▼ We’re no doctors, but really, we tend to think of the solutions to those two problems involving slides in opposite directions on the scale.

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Aside from all this, Hyotan Onsen also has private family baths, both indoor and outdoor, which can be rented out by the hour. There’s also a free foot bath for those who want to experience the soothing waters while still keeping their clothes on.


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If all this has you ready to pack your bags, the next thing you’ll need to do is find your way down to Oita Prefecture and Beppu Station, from where it’s a 25-minute bus ride to Hyotan Onsen. The facility is open from 9 a.m. until 1 o’clock the next morning, and with so many spots to relax, we don’t think we’d have any trouble using up all that time.


Check out this link:

Hyotan Onsen – Japan’s only hot spring with three Michelin stars



Obama begins Asia trip with ‘the best sushi I’ve ever had’


Japanese Prime Minister Shinzo Abe took President Barack Obama to famed sushi restaurant Sukiyabashi Jiro for a private dinner on Wednesday night.


Anyone who imagines U.S. President Barack Obama and Japanese Prime Minister Shinzo Abe discussed territorial disputes with China or the U.S.’s “pivot to Asia” foreign policy during their private dinner in Tokyo on Wednesday likely isn’t familiar with the restaurant where the two leaders dined.

Ahead of a protocol-bound formal state visit that officially begins on Thursday, Abe took Obama to Sukiyabashi Jiro, the fabled restaurant in Tokyo’s fashionable Ginza district widely regarded as the best sushi restaurant in the world.

Diners approach Sukiyabashi Jiro with a sense of reverence.

The experience provided by head chef and proprietor Jiro Ono leaves little time for small talk, much less big talk.

The focus is on the fish.

Heralded as a Japanese national treasure, Ono, who turns 90 next year, is the first sushi chef in the world to receive three Michelin stars.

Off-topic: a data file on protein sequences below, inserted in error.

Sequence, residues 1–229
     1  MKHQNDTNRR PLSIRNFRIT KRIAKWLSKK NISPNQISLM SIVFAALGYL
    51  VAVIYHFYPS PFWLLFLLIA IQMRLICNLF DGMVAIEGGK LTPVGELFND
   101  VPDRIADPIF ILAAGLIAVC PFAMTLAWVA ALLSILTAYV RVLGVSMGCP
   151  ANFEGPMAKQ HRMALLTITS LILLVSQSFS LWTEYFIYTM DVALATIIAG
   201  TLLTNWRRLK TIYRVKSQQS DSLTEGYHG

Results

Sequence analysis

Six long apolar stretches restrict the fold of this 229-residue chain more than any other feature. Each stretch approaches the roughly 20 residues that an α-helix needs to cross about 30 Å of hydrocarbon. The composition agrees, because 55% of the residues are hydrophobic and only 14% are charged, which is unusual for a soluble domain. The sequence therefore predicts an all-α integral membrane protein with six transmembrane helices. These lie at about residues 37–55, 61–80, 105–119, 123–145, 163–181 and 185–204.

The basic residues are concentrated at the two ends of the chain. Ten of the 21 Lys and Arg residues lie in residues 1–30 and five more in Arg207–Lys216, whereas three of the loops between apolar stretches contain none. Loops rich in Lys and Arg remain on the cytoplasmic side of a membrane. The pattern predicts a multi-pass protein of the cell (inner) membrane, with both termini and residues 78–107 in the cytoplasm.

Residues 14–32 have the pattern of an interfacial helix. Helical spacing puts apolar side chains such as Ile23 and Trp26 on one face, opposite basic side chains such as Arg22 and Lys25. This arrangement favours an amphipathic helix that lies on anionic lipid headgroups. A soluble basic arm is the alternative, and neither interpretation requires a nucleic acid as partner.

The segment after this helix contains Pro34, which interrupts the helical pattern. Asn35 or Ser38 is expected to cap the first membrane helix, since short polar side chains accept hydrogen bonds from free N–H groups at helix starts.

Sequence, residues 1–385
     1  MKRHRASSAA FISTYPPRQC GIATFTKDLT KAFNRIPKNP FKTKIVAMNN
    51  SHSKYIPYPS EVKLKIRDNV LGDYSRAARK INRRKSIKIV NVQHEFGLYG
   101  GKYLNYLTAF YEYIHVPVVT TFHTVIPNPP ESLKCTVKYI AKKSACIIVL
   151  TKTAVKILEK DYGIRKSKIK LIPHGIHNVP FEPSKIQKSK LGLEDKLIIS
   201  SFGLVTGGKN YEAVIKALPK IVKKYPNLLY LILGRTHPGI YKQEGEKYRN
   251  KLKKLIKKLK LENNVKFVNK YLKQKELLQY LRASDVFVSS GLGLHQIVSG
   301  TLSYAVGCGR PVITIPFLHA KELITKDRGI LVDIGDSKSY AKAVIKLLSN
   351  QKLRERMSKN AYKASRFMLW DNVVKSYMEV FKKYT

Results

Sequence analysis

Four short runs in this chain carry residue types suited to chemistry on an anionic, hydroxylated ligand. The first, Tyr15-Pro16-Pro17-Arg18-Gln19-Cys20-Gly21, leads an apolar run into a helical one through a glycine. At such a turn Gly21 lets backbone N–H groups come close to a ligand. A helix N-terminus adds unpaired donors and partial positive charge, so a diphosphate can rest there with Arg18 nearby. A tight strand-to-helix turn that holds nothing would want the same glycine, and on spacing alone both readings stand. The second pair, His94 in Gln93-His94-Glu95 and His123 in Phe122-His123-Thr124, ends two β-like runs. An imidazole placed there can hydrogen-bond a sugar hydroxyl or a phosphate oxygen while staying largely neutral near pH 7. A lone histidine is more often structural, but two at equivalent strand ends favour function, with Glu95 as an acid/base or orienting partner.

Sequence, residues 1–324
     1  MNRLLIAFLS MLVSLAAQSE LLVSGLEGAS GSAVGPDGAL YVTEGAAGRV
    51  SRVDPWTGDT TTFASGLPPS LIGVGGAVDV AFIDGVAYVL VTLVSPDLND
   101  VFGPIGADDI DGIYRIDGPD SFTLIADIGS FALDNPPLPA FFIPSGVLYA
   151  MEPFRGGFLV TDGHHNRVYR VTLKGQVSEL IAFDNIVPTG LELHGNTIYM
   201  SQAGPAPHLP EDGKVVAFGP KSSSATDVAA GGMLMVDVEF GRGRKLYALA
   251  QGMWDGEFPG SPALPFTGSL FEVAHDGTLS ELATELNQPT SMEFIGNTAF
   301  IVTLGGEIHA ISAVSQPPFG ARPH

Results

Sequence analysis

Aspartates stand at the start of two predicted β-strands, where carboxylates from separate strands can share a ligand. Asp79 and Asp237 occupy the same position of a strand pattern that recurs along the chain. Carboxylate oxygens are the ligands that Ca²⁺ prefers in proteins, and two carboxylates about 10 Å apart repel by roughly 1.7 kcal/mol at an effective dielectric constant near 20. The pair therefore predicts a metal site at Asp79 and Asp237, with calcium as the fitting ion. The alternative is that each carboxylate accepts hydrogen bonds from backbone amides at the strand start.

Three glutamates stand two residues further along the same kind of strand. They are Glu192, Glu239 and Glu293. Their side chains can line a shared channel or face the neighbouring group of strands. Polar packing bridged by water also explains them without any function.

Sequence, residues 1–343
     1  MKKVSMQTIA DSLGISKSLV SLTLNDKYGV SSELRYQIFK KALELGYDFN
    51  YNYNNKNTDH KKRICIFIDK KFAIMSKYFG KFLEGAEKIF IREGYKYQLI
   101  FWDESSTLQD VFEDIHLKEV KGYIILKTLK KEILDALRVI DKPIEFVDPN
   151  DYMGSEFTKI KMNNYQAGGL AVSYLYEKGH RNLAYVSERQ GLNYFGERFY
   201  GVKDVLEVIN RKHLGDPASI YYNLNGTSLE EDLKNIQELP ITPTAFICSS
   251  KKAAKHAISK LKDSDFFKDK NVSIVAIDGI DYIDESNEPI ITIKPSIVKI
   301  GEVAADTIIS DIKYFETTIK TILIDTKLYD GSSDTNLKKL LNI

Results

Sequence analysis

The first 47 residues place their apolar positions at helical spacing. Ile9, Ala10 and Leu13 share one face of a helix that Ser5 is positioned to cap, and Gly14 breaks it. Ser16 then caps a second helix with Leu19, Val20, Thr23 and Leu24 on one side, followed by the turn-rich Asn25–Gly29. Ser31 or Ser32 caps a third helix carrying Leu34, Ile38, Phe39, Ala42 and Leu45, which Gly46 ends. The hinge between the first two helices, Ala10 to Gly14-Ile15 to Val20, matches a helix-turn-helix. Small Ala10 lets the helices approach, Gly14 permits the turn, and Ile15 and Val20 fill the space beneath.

With hundreds of onlookers behind police barriers lining the streets near the restaurant, Obama and Abe, neither wearing neckties, shook hands and entered the basement restaurant. New U.S. ambassador to Japan, Caroline Kennedy, also attended the dinner, which lasted about an hour and a half.

Sukiyabashi Jiro, a tiny restaurant with a coveted three Michelin-star rating, has only ten seats and is run by its 89-year-old owner, Jiro.

Like those who have gone before him into this shrine of sushi, Obama did not leave disappointed.

President Obama told me that, ‘I was born in Hawaii and ate a lot of sushi, but this was the best sushi I’ve ever had in my life,'” Abe told Japan‘s NHK network after the meal.

Inside the restaurant, Abe poured sake for Obama at the sushi counter.

While Obama praised the sushi enthusiastically, some onlookers said he stopped eating halfway through the meal.

The owner of another restaurant that is located in the same subway station told Tokyo Broadcasting System that Obama had put his chopsticks down midway into the dinner.

He also said a sushi chef from Sukiyabashi Jiro said Obama did not make small talk, but was quite serious, jumping into a discussion on trade immediately.

Japan’s chief government spokesman, Yoshihide Suga, refused Thursday to cite exactly how much Obama ate, saying instead: “It’s true that he ate a good amount.”


Check out this link: 

Obama begins Asia trip with ‘the best sushi I’ve ever had’

"President Obama told me that, 'I was born in Hawaii and ate a lot of sushi, but this was the best sushi I've ever had in my life,'" Abe told Japan's NHK network after the meal.
AP Photo/Carolyn Kaster